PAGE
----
For the all-new VRS Fluidity, Time have taken their standard race bike geometry and added 15mm to the head tube while shortening the top tube by 5mm. Their aim was to achieve a more comfortable, sportive-friendly riding position while retaining the handling traits that have made them one of the most accomplished brands in road racing.
The frame’s tube shapes look remarkably minimal compared to many of the VRS Fluidity’s oversized rivals. The top tube starts broad and reinforced at the head tube and then flows through a triangulated shape to the integrated seatmast. The down tube is a little bigger, though not overly so, and smoothly transitions through its length from a triangular profile to a slimmer, squarer ovalised bottom bracket junction.
While most modern designs use an oversize bottom bracket shell to beef up stiffness, Time have achieved exactly the same result with a much slimmer bottom bracket area flowing into deep chainstays. The seatstays have a slight outward radius and taper to a very slim dropout section.
We’d expect a frame like this to feel a bit soft and floaty. That it doesn’t only bolsters the reputation of the clever carbon engineers at Time. Up front, the latest incarnation of the company’s brilliant Safe+ fork keeps the steering and control sharp, positive and vibration-free.
When it comes to describing the VRS’s ride, Time have beaten us to it – ‘Fluidity’ is definitely the word. Get out and ride it, and once you’re accustomed to the slightly more upright position its character comes to the fore.
It’s rare to find a bike that just seems to flow the way the VRS does. Whether you’re muscling through crowds, honking uphill or dropping a descent at the limit, the Fluidity never feels anything but assured. It inspires masses of confidence, helping you push that little bit faster and deeper into corners, and enabling you to hold that speed and exit faster.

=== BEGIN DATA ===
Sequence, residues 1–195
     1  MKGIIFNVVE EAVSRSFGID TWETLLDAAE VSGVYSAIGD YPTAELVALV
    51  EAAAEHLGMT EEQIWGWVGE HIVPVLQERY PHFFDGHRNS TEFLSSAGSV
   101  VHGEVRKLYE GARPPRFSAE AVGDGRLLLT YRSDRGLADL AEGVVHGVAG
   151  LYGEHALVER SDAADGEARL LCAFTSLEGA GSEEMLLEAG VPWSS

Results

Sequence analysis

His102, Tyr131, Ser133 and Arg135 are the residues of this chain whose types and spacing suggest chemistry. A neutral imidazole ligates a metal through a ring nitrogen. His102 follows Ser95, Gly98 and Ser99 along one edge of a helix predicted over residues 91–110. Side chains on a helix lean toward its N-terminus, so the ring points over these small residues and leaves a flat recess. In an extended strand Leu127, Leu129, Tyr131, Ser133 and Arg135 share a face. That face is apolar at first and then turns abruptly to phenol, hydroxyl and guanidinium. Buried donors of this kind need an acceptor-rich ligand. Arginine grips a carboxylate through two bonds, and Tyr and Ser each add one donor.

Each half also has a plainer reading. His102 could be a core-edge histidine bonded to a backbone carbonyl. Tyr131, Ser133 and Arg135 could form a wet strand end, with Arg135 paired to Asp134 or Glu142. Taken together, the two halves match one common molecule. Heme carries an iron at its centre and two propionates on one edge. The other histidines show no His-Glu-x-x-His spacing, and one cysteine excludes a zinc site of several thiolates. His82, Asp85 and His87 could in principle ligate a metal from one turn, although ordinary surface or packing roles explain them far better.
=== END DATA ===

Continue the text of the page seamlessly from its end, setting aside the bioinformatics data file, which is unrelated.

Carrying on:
The standard drop bar and tall head tube meant we were able to spend long stretches in the drops on fast, flat sections in comfort, never feeling forced or uneasy while tucked up to beat the wind.
Unlike many bikes designed purely with sportive riding and comfort in mind, the Time doesn’t isolate you from the road surface. There’s no significant jarring or vibration over the rough stuff. But the frame also feeds back information, making you aware of grip and contact, aiding the goal of going quickly.
The VRS isn’t without fault, but none of that is down to the brilliant frame and fork. £4,000-plus is a lot to spend on a bike but when you factor in that the frameset costs £3,039.99 on its own, it’s clear there will be some compromises when it comes to equipment.
Athena is Campagnolo’s base-level 11-speed offering but with an upgrade to the carbon chainset it has proven just as capable and slick as higher priced Campagnolo groupsets. The bar and stem from Deda’s Zero 100 range are great mid-level items too, as is the comfortable Selle Italia saddle.
The Scirocco wheels are low down in the Campagnolo range and a little weighty for a bike of this calibre. That said, they’re tough and roll smoothly. The base-level Vittoria Rubino tyres are a bit sluggish though; switch these out and you’ll unleash the Fluidity’s full potential.
This article was originally published in Cycling Plus magazine.